- Articles (5)
- Aviation Accident (2)
- Birth injury (6)
- Bus Accidents (5)
- Car Accidents (209)
- Drunk Driving Accidents (4)
- Firm News (39)
- Medical Malpractice (103)
- Medication Errors (1)
- Personal Injury (103)
- Premises Liability (3)
- Product Liability (22)
- Railroad Accidents (1)
- Tort Reform (5)
- Truck Accidents (59)
- Workplace Accidents (12)
- Wrongful Death (46)
A truck crash in Warren County on Monday, February 26 claimed the life of one man after a dump truck turned into ...
The Tennessee Department of Health recently suspended all new resident admissions to a nursing home in Limestone, TN ...
Kinnard, Clayton & Beveridge attorney Daniel L. Clayton was recently recertified as a civil trial advocate by the ...
An article recently published by the Tennessean reports that a single building inspector’s mistake allowed at least 85 ...
OSHA focusing on workplace amputations
Posted By Kinnard, Clayton & Beveridge || Aug 18, 2015
Amputations are some of the worst kinds of workplace accidents that can occur. Tennessee workers who suffer an amputation on the job could lose their life or be left permanently disabled by the injury. To address the problem of workplace amputations, the Occupational Safety and Health Administration created a National Emphasis Program on amputations that was recently updated with revised policies.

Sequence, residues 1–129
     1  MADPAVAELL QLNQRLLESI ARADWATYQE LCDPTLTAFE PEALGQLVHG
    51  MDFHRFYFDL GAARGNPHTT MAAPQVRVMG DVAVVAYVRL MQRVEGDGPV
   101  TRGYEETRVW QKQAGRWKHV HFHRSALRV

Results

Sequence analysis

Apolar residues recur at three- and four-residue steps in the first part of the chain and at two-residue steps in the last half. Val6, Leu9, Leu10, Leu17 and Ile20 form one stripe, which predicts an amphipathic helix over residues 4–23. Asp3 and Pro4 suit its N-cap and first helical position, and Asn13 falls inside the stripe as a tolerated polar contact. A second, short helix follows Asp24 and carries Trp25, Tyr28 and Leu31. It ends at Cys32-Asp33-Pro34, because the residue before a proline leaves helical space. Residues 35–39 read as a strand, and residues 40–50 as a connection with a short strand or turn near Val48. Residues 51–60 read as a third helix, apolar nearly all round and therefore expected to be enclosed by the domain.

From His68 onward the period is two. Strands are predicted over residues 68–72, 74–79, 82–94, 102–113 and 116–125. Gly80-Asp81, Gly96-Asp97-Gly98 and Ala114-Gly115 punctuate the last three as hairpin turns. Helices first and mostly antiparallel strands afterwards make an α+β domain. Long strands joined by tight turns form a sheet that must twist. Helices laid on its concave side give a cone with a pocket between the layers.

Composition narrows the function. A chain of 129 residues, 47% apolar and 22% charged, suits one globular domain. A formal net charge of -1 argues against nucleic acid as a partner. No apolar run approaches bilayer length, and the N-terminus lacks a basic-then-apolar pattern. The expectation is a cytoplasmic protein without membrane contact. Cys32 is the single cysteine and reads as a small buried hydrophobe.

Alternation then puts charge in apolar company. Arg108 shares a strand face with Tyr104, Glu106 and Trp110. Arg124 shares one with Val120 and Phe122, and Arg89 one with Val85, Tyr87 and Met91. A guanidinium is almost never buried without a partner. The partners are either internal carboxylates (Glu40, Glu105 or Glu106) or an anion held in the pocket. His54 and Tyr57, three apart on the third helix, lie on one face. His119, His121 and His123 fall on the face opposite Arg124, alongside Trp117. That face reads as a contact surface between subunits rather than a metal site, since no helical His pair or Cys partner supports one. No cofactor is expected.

OSHA's revised directive contains information about where workplace amputations tend to occur and how often they occur. According to Bureau of Labor Statistics information that was referenced in the document, more workers sustain amputations in the manufacturing sector than in any other work sector. In 2013, around 2,000 people in manufacturing jobs sustained amputations during the course of their work.
The Assistant Secretary of Labor for Occupational Safety and Health said that amputations usually take place around unguarded machinery and equipment. Some of the workplaces where workers are more at risk for amputations are food manufacturing and meat processing plants, commercial and retail bakeries, sawmills and machine shops. As part of the National Emphasis Program on amputations, OSHA inspectors will be examining high-risk workplaces to learn how workers clean and maintain machinery and deal with jams.
After a workplace accident that involves an amputation, injured victims may be unable to continue earning income as they once did. The loss of income and added medical expenses that result from a workplace amputation can be financially devastating for a lot of families. A lawyer may be able to help an injured worker in this situation to claim reimbursement for the financial losses through workers' compensation benefits and, if applicable, non-employer third party claims.